Erris head is a peninsula in the north west corner of Co. Mayo. This guided walk takes you across grassland populated by sheep but dominated by nature. The vista changes with every step as you open up the north and west coasts on this remote and rugged part of Ireland. The experience differs depending on the weather. Some days (not many) it can be almost flat calm and we may spot whales or dolphins. Some days wonderful waves crash on the coast sending spray spiralling up the cliffs. Whatever the weather, this guided walk is a ‘must do’ for energetic visitors, after all, Erris was voted by Irish Times readers as ‘The Best Place to go Wild in Ireland’
This guided walk is a ‘must do’ for energetic visitors.
Featured on this tour
Stags of Broadhaven
These impressive rocks were created about 1.6 billion years ago. The group consists of five steep rock islands with a height of almost 100m located almost 3km off Benwee Head. The rocks are a popular nesting place for many seabirds such as Puffin, Fulmar, Storm Petrel and Kittiwake. Popular with kayakers and divers the Stags have many interesting features such as caves and sea arches.
World War 2 Look Out Post
Ireland was neutral during the second world war but there was always the possibility of an invasion by German or British forces. As part of a coast watching service, 83 of these look out posts were build around the Irish coast all of them linked by telephone to Dublin. Let me recount some of the coast watcher stories, as we imagine the difficulties of being stationed here.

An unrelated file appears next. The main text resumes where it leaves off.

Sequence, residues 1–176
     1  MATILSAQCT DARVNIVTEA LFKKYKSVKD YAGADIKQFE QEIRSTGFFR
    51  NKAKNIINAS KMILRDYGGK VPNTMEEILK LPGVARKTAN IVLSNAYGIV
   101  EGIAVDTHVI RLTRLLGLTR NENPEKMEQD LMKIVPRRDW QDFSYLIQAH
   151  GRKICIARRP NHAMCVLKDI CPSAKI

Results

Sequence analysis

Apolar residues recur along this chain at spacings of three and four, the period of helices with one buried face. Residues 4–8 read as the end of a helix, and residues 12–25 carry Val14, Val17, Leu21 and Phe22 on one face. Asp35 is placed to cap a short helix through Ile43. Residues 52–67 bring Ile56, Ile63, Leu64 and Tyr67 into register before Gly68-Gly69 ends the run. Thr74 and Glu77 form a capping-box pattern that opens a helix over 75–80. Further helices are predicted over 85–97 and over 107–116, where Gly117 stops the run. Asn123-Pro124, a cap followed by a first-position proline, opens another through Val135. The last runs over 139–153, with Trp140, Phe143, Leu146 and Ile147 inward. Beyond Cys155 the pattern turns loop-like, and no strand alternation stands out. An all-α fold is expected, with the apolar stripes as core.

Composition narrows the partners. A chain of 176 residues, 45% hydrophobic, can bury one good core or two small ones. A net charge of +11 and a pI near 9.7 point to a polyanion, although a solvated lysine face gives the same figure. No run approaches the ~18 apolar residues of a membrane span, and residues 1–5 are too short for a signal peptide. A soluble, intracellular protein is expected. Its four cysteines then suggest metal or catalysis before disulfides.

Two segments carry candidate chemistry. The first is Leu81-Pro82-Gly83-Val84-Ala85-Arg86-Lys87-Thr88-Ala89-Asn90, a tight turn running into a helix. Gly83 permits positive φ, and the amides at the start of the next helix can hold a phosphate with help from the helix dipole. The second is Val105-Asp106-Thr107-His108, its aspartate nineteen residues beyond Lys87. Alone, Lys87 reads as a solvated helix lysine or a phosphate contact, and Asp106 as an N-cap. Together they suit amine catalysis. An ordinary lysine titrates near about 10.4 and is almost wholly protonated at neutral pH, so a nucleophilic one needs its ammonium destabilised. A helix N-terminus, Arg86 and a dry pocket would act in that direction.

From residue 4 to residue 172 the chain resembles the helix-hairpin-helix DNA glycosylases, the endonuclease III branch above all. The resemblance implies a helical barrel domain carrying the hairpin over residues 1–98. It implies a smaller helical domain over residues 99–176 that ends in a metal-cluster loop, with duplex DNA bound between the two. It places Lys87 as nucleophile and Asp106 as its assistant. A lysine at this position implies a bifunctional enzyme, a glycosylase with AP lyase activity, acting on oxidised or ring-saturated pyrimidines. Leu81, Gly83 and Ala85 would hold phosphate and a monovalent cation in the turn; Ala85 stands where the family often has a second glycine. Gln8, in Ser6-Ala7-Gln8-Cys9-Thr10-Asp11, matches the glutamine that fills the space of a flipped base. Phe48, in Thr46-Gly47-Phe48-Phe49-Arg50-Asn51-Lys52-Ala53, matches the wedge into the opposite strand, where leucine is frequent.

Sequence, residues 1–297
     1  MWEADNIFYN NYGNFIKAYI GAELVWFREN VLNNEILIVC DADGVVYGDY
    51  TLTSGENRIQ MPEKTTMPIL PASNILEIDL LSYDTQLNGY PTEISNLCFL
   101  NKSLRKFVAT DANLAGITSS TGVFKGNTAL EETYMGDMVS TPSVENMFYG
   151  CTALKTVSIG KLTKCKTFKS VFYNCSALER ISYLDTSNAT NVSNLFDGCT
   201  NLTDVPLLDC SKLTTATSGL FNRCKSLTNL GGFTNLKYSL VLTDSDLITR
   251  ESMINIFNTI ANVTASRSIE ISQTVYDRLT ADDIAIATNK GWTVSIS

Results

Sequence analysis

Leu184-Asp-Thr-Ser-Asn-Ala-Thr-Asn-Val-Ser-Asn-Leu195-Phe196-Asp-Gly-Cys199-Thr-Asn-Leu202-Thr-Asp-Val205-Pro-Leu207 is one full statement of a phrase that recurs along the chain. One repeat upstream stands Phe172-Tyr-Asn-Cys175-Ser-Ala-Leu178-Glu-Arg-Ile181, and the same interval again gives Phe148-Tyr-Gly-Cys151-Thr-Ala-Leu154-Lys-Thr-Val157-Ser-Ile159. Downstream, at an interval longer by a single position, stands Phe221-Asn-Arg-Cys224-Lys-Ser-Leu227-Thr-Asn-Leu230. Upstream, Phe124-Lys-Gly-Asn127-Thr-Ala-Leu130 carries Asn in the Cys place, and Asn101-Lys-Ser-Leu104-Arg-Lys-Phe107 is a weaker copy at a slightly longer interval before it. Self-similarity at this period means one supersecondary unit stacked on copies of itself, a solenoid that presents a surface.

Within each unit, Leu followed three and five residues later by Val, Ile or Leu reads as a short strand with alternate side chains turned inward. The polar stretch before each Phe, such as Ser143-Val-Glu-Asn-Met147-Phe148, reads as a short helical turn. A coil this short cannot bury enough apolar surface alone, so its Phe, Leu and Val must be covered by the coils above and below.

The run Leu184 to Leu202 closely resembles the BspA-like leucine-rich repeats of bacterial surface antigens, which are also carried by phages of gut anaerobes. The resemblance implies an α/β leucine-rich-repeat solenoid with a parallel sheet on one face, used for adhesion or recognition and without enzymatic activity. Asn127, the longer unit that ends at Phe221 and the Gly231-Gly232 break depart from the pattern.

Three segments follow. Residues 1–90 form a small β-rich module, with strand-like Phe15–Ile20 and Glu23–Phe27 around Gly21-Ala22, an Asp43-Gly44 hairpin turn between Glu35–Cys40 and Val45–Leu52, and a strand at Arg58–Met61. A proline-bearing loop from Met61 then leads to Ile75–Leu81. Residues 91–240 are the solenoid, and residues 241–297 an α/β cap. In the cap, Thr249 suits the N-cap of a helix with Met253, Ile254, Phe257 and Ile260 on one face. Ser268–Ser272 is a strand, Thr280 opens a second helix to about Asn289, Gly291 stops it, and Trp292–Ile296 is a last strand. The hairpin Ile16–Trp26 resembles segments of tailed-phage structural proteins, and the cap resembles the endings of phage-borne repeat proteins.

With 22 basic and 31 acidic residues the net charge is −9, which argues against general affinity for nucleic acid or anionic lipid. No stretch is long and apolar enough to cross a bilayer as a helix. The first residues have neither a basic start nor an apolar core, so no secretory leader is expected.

Éire 69 Sign
The Irish Government wanted to highlight our territory to warring factions in WW2. In order to do this, the word Éire (Ireland) was marked on many headlands around the coast with a different number on each headland. The locations and numbers of the headlands were shared with the allies which helped to orientate inexperienced navigators on war planes arriving from the United States.
This the location of one of the four lighthouses off the coast of Belmullet. The current lighthouse was built in 1895 after the sea had cascaded over the original building smashing the glass and filling it with water. Today the light flashes three times every fifteen seconds to warn passing ships to stay clear of this hazardous coast. Despite our neutrality the lighthouse was machine-gunned by a German fighter in 1940.
On this tour you will encounter lots of sheep as they munch their way across the land without paying too much attention to you. There a lot to learn about the rearing of sheep in this area: How the rams operate from late October, how many ewes a ram will ‘cover’ in a day (phew!), how the farmer knows which ewes has been ‘covered’, why Erris lamb tastes so good.
Trig pillars were erected by Ordnance Survey Ireland at various points around the country to measure angles and distance for the creation of maps. The system was based on the fact that if you know one length and two angles of a triangle you can calculate the length of the other two sides. From here you can see as far a Co. Sligo to the east and to Achill Island to the south.
Professionally guided tour by Neal Doherty. Expect an interesting and entertaining tour with lots of stories, history and anecdotes that you will remember and take home to your family and friends. Our tours are designated tours but if you have some subject or area in which you are particularly interested please let me know and I will tailor the tour to your needs.
Tour start and end location is at the carpark at Erris Head.
No dogs allowed.
2 – 2.5 hour walk across uneven and mucky ground with little or no shelter. Please wear suitable footwear and clothing.
Cost €60 for up to four people and €5 for each additional person payable on the day.